Malaysia says search corridor narrowed for missing aircraft

Kuala Lumpur, March 18:

The search corridors for the Malaysian Airlines passenger plane that went missing March 8, have been narrowed, acting Transport Minister Datuk Seri Hishammuddin Hussein said Tuesday at a press briefing here.

Hussein said that China and Kazakhstan are leading the search in the northern corridor while Indonesia and Australia lead in the southern corridor, the Malaysian Star reported.

He also said that Malaysia is seeking help from the Association of Southeast Asian Nations (Asean) to contribute to the search and rescue operations to find the missing aircraft.

The total search area is now 2.24 million square nautical miles and nine countries that are not located along the corridors are also assisting the search.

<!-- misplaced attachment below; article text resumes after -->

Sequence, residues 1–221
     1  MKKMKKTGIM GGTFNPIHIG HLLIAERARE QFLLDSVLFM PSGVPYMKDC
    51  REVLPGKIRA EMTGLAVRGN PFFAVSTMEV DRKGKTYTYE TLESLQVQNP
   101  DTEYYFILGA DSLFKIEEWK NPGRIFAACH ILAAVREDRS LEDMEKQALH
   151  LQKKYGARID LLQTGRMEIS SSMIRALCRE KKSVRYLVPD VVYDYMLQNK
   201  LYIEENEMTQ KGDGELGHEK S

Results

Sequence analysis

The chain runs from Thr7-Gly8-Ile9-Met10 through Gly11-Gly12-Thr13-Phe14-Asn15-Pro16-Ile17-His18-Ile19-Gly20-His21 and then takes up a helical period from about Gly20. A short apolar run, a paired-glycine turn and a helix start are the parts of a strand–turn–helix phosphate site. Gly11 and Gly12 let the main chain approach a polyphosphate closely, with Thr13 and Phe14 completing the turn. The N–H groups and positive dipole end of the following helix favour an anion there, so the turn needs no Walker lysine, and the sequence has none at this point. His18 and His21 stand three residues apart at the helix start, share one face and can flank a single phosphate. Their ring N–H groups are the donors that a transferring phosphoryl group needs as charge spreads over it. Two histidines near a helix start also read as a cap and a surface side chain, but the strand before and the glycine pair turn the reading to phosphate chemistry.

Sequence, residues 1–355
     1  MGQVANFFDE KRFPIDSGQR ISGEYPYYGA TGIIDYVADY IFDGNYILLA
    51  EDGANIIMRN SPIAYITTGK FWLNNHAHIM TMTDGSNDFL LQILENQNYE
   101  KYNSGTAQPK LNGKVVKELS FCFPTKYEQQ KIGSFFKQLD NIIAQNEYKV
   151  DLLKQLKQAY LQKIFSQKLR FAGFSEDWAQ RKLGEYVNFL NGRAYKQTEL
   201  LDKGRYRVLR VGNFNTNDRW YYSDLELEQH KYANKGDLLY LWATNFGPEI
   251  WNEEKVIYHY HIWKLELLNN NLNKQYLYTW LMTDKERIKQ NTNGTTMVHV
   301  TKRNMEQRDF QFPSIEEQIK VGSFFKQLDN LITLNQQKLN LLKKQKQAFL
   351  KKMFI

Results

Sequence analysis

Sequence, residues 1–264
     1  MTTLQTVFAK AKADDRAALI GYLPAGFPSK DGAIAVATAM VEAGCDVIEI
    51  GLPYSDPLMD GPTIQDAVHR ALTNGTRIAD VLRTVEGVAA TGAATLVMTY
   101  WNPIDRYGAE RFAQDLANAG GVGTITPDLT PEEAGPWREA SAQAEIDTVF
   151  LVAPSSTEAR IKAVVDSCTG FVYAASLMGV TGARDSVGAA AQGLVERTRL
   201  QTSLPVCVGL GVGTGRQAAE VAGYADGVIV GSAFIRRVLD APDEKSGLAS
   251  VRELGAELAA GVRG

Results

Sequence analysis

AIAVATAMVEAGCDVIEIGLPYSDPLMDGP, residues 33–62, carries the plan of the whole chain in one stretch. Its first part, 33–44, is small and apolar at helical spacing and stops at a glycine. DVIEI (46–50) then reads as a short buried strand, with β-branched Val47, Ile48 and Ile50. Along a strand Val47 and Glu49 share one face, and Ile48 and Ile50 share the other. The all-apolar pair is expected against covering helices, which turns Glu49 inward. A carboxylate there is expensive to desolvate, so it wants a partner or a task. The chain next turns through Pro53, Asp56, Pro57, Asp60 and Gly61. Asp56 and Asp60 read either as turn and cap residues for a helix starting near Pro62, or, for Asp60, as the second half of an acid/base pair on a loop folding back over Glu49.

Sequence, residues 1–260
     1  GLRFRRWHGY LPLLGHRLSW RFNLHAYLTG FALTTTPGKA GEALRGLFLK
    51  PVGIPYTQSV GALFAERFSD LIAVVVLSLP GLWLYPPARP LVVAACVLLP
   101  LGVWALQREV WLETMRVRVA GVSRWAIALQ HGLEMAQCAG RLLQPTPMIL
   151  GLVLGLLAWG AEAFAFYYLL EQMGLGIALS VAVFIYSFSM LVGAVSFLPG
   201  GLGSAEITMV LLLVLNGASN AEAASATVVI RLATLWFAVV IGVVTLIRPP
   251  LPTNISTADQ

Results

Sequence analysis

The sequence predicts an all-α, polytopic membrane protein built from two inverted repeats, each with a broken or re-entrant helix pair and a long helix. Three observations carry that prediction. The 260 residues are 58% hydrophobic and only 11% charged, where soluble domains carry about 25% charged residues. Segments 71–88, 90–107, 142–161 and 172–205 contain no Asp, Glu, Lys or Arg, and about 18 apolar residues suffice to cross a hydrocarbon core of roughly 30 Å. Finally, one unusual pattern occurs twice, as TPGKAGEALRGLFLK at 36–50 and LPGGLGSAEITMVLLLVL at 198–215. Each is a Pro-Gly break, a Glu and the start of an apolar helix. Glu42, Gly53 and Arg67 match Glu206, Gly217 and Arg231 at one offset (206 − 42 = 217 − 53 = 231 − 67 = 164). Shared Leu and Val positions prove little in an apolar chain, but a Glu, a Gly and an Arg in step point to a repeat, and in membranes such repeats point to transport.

Among these countries are the UAE, whose armed forces are taking part in the search operations.

A source at the armed forces headquarters said Monday two search and rescue aircraft were covering a zone stretching south over the Indian Ocean to Australia and north over an area extending to south and central Asia. There are 26 countries currently involved in the search operations.

Malaysia Airlines MH370 with 239 passengers and crew on board vanished mysteriously about an hour after taking off from Kuala Lumpur March 8.

The Boeing 777-200ER was initially presumed to have crashed off the Vietnamese coast in the South China Sea.

The plane was scheduled to land in Beijing at 6.30 a.m. the same day. The 227 passengers included five Indians, 154 Chinese and 38 Malaysians.

Contact with the plane was lost along with its radar signal at 1.40 a.m. when it was flying over the air traffic control area of Ho Chi Minh City.


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